We send events to Loggly using syslog over TCP, and these events are bucketed based on destination port. For security, Loggly locks down each port to a list of authorized IP addresses.

Since we make heavy use of EC2 Auto Scaling Groups, we simply can not maintain this authorized IP list manually. Additionally, we're constantly launching new applications and environments, so our list of buckets (Loggly "inputs") is in constant flux.

Fortunately, Loggly has exposed a set of administration APIs for managing inputs and authorized devices. Since no library was available, we ended up writing one ourselves (in Python) and releasing it as open source.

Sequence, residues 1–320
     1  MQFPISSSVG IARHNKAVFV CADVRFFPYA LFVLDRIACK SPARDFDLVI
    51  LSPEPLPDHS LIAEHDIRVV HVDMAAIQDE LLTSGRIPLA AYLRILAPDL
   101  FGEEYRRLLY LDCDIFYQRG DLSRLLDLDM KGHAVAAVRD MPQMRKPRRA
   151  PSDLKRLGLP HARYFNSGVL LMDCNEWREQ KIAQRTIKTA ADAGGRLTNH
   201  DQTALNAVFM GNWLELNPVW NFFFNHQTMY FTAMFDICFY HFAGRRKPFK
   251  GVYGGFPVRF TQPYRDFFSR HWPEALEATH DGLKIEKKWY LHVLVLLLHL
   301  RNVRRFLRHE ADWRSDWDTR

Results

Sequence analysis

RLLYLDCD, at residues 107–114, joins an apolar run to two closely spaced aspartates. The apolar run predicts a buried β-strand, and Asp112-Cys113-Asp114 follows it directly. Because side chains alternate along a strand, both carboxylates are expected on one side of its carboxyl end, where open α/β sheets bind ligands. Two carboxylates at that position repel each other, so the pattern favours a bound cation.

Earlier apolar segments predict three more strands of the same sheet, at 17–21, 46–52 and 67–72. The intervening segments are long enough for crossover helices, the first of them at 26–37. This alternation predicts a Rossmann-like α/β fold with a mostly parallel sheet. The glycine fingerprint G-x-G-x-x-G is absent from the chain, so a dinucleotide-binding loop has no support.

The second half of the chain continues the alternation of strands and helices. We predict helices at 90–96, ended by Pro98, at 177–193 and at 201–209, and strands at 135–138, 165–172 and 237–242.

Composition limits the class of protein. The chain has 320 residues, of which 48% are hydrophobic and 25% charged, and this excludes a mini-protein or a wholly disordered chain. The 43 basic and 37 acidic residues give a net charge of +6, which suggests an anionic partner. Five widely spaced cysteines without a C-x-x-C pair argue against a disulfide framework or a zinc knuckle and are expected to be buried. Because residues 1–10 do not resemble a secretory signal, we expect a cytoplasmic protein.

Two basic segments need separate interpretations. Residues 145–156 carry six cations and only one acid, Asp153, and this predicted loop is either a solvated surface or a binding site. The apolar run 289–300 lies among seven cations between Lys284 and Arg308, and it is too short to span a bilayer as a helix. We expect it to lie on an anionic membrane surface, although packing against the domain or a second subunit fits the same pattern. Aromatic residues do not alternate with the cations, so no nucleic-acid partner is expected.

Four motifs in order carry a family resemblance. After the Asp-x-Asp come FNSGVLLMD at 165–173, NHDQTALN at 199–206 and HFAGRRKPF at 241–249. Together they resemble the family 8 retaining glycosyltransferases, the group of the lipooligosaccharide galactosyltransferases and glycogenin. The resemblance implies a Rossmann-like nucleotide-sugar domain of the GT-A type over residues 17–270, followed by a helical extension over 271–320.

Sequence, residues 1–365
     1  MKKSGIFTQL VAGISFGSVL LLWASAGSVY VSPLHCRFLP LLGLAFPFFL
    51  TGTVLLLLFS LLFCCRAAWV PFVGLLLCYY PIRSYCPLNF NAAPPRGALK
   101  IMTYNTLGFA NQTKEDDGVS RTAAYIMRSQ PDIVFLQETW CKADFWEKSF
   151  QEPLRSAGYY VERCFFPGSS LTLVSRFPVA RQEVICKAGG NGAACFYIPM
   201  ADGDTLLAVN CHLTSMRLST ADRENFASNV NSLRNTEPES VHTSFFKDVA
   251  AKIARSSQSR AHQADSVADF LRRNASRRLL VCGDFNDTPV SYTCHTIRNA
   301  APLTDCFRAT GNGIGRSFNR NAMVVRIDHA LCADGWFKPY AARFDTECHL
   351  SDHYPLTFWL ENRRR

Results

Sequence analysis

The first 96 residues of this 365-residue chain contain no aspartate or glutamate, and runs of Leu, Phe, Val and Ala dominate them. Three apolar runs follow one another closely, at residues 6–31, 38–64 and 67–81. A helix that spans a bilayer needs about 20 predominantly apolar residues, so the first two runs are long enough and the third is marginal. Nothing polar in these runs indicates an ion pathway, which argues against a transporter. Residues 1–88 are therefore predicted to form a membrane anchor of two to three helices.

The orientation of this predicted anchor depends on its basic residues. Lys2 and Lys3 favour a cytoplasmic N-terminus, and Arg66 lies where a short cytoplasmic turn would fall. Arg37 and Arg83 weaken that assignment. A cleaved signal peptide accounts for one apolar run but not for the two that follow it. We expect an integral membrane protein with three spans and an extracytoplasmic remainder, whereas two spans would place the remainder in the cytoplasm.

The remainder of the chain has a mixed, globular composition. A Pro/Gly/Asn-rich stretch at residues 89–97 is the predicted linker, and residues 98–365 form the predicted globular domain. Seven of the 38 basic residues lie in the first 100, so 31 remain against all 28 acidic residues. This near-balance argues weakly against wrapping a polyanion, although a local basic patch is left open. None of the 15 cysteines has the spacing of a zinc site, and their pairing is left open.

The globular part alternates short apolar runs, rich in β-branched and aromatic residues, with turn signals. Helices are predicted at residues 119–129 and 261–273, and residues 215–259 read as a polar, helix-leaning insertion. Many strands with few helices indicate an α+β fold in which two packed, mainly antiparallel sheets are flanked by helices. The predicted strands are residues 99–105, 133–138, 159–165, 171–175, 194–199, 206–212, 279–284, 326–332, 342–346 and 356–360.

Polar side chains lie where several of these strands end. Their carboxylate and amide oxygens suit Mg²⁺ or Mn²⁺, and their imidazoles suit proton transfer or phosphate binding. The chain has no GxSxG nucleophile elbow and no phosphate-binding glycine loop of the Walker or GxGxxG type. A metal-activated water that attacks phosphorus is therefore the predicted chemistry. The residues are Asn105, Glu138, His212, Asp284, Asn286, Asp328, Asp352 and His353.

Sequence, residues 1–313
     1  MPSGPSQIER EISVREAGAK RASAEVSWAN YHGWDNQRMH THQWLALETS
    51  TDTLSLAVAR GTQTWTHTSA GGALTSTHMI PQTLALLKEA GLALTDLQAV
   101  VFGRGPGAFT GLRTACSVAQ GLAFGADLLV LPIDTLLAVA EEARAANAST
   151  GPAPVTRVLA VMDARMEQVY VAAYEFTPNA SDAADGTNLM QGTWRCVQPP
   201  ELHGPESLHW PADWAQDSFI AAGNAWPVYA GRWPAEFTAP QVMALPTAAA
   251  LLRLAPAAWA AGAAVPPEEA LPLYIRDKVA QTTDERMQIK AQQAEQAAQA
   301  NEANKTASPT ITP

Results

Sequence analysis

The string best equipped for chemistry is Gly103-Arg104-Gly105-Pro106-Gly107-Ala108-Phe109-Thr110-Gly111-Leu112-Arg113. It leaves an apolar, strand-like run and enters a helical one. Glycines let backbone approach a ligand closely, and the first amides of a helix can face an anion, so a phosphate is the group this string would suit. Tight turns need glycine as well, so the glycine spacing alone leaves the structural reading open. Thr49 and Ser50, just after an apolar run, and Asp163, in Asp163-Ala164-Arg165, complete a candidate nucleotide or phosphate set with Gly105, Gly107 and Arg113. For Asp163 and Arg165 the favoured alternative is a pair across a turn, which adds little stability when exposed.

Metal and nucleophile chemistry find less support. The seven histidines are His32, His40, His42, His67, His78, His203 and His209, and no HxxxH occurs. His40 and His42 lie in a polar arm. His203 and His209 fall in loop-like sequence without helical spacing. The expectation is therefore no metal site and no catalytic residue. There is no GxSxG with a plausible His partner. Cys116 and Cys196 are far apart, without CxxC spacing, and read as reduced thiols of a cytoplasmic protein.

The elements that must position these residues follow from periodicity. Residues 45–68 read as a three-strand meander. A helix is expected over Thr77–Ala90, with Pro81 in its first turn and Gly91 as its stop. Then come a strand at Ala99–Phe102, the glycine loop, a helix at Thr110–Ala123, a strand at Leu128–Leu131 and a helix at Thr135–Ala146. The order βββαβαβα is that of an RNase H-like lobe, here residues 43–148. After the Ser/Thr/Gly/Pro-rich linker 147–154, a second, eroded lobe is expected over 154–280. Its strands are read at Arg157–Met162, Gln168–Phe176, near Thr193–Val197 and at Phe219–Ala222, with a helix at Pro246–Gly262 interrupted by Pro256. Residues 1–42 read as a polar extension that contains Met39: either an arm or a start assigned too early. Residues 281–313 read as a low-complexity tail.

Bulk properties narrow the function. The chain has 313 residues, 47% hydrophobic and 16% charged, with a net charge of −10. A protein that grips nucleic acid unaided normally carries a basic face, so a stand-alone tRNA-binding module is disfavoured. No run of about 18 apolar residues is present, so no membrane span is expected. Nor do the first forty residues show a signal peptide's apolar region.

Getting the library

You can find it on GitHub:


Or install it from PyPI:

sudo easy_install loggly


This package includes scripts for managing inputs and devices. To use them, simply set up your credentials:

export LOGGLY_USERNAME='someuser'
export LOGGLY_PASSWORD='somepassword'
export LOGGLY_DOMAIN='somesubdomain.loggly.com'

Create an input:

$ loggly-create-input -i testinput -s syslogtcp
Creating input "testinput" of type "syslogtcp"

Add a device to an input:

$ loggly-add-device -i testinput -d
Adding device "" to input "testinput"

Delete a device:

$ loggly-remove-device -d
Removing device "" from all inputs

Delete an input:

$ loggly-delete-input -i testinput
Deleting input testinput